the VSI cannot produce pure sinusoidal voltages and has discrete output

voltages. It can be shown that the switching state and dc bus voltage
198

decides the common mode voltage. There are eight available output

voltage vectors in accordance with the eight different switching states of

the inverter as depicted in Fig. 7. 2.

V3 (- + -) V2 (+ + -)

V4 (- ++) V7 (+ ++)
V1 (+ - -)
V0 (- - -)

V5 (- - +) V6 (+ - +)

Fig 7.2 Voltage space vectors of a three-phase VSI

According to the switching states of the inverter the common mode

voltage can be expressed as given in (7.3).

V V
Vcom = V so = dc (S a + S b + S c ) dc (7.3)
3 2

where Sa, Sb and Sc denotes the switching states of each phase.

The common mode voltage for each inverter state is given in Table

7.1, which shows that, if only even or only odd voltage vectors are used,

no common mode voltage variation is generated. If a transition occurs

from an even voltage vector to an odd one (or vice versa), a common

mode variation of amplitude Vdc/3 is generated. If a transition from an

odd (even) voltage vector to the zero (seventh) voltage vector occurs, a
199

common variation Vdc/3 is generated. If a transition from an odd (even)

voltage vector to the seventh (zero) voltage occurs, a common-mode

variation of amplitude 2Vdc/3 is generated. Finally, if a transition occurs

from zero to seventh or vice versa, a common mode variation of

amplitude Vdc is generated.

Table 7.1 Common mode voltage and output voltage generated by a


switching state
Switching
state Inverter pole voltages
V com

Vao Vbo Vco


V 0 (0 0 0) V V V V
dc dc dc dc
2 2 2 2
V1 (1 0 0) V dc V dc V dc V dc

2 2 2 6
V 2 (1 1 0) V dc V dc V dc V dc

2 2 2 6
V 3 (0 1 0) V V dc V V
dc dc dc
2 2 2 6
V 4 (0 1 1) V V dc V dc V dc
dc
2 2 2 6
V 5 (0 0 1) V V Vdc V
dc dc dc
2 2 2 6
V 6 (1 0 1) V dc V V dc V dc
dc
2 2 2 6
V 7 (1 1 1) V dc V dc V dc V dc
2 2 2 2

Therefore, from the point of view of common mode emissions, the

worst case is transition between two zero voltage vectors. For this reason

whatever inverter control technique is devised, to minimize the generated

common mode emissions of the drive, the exploitation of both the null

voltage vectors (zero and seventh) should be avoided.


200

7.3 Reduced Common Mode Voltage PWM Algorithms:

In the application field the problems related to common mode

voltage are increasing due to increased PWM switching frequencies aimed

at higher efficiency, increased bandwidth, etc. Hence, common mode

voltage reduction techniques have been gaining importance. The effect of

common mode voltage can be reduced actively or passively. The active

common mode voltage reduction method that involves controlling the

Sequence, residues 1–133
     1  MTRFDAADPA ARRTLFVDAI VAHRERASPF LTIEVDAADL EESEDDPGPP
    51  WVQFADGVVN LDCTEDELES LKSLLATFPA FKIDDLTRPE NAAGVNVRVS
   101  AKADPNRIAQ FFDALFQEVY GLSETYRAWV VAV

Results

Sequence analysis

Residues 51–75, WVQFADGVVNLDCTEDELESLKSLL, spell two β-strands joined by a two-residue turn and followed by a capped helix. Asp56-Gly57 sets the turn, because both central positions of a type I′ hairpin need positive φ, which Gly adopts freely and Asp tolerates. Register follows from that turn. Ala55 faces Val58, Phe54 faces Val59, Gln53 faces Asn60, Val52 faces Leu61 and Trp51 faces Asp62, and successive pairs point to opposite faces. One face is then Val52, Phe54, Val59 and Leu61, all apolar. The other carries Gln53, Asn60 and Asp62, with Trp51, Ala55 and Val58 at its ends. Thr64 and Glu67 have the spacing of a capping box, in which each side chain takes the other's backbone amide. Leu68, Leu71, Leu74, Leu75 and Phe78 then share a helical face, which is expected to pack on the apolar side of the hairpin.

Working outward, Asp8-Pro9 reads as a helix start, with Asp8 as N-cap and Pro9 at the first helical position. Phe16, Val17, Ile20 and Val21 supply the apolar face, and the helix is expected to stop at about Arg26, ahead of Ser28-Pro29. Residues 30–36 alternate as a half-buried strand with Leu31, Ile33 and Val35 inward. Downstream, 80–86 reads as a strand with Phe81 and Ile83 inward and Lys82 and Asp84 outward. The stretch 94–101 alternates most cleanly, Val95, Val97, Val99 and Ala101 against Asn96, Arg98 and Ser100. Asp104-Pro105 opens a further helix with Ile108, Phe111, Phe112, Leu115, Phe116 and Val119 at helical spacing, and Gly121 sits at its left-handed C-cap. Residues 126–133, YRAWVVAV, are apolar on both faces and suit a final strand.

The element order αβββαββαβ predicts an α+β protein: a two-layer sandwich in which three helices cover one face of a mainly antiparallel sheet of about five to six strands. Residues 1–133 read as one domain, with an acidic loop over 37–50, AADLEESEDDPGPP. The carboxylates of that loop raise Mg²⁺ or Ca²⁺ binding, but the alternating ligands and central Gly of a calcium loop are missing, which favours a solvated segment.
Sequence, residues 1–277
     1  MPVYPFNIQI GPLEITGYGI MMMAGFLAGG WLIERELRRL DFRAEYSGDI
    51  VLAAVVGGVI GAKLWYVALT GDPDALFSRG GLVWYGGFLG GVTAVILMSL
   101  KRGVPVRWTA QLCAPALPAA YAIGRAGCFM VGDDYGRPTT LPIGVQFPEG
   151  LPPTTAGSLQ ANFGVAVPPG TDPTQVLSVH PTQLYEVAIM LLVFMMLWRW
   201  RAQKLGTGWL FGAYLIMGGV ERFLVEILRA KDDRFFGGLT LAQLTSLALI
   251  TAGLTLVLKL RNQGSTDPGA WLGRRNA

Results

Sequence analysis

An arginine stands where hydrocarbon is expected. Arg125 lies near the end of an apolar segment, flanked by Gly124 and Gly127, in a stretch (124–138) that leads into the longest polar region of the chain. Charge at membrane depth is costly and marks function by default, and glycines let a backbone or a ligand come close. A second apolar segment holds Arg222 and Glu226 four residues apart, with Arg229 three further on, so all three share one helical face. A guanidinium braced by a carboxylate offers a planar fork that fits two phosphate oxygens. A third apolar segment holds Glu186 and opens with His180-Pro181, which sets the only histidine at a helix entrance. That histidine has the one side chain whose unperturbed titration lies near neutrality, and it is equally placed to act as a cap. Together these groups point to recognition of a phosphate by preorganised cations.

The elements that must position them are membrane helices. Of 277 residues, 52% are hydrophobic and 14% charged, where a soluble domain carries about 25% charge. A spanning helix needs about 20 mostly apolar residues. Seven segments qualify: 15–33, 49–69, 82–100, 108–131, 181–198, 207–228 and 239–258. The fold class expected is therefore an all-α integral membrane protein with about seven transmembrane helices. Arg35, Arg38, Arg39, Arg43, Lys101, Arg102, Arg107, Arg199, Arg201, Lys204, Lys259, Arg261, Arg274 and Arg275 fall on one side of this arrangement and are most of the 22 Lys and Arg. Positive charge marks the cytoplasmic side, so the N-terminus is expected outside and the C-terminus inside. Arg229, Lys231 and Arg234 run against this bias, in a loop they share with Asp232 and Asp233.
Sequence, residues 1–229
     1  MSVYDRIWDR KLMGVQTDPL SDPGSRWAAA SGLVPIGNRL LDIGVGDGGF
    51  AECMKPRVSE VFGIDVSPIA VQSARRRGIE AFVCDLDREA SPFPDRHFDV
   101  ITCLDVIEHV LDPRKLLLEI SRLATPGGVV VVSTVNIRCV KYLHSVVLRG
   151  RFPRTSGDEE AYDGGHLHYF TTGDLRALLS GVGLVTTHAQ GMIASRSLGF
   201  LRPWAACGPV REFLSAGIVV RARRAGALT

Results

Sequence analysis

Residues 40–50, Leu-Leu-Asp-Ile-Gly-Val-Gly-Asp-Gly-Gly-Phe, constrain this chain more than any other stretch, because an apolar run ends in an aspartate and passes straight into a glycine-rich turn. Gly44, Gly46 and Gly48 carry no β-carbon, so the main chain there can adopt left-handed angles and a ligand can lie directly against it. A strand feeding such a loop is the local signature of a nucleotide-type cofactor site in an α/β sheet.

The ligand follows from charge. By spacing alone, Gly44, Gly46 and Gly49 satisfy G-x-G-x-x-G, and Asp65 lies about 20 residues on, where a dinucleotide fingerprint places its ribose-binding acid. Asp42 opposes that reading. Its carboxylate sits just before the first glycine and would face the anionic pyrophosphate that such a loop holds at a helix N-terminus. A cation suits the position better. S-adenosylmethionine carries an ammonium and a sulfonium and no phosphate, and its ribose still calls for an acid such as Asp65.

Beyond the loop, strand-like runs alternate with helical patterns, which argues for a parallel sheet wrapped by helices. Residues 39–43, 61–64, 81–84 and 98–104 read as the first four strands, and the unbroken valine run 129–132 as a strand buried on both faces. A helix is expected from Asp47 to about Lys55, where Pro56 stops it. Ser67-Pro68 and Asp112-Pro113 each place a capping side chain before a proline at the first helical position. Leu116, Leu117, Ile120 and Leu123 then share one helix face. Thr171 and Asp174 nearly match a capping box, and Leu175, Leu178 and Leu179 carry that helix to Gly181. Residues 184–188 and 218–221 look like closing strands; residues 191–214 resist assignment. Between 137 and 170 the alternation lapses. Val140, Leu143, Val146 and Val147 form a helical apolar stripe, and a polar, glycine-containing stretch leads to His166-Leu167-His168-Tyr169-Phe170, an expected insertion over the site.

PWM pulse patterns is the most economical method as it requires no

extra components. Recently, several PWM pulse patterns that yield

reduced common mode voltage termed as reduced common mode voltage

PWM (RCMVPWM) methods have been reported [93-96]. In all these

methods, the zero states of the inverter are avoided and results in a

common mode voltage of Vdc/6. All these methods are described using

space vector approach.

Based on the choice of the voltage vectors, the RCMVPWM methods

will be sub grouped in three types, these include active zero state PWM

(AZSPWM) algorithms, remote state PWM (RSPWM) algorithms and near

state PWM (NSPWM) algorithm. In the AZSPWM algorithms, the

conventional active (adjacent) voltage vectors are complemented with

either two near opposing active vectors or one of the adjacent states and

its opposite vector with equal time to effectively create a zero-voltage

vector. The RSPWM methods synthesize the output voltage from three

inverter voltage vectors that are 120o apart from each other (most remote
201

vectors). The NSPWM method utilizes a group of three neighbor voltage

vectors to match the output and reference volt-seconds. These three

voltage vectors are selected such that the voltage vector closest to

reference voltage vector and its two neighbors (to the right and left) are

utilized. But, this thesis mainly deals with only AZSPWM and NSPWM

algorithms.

In the AZSPWM algorithms, the vector transformation yields six

active and two zero vectors for the inverter, and as shown in Fig. 7.3 (a),

the vectors divide the space into six segments as in SVPWM algorithm.

These regions are utilized in programming the PWM pulses. But, in the

NSPWM algorithm 30o phase-shifted regions are utilized as shown in Fig.

7.3 (b).

In the space vector approach, the duty cycles of the voltage vectors

are calculated according to the vector volt-seconds balance rule. The

voltage vectors and their sequences are selected based on a specified

performance criterion such as the minimum output voltage ripple and

switching count and the vectors are programmed accordingly. The

formation of AZPWM and NSPWM algorithms is illustrated in Fig. 7.4

Fig. 7.5. In each PWM method, with a specific performance optimization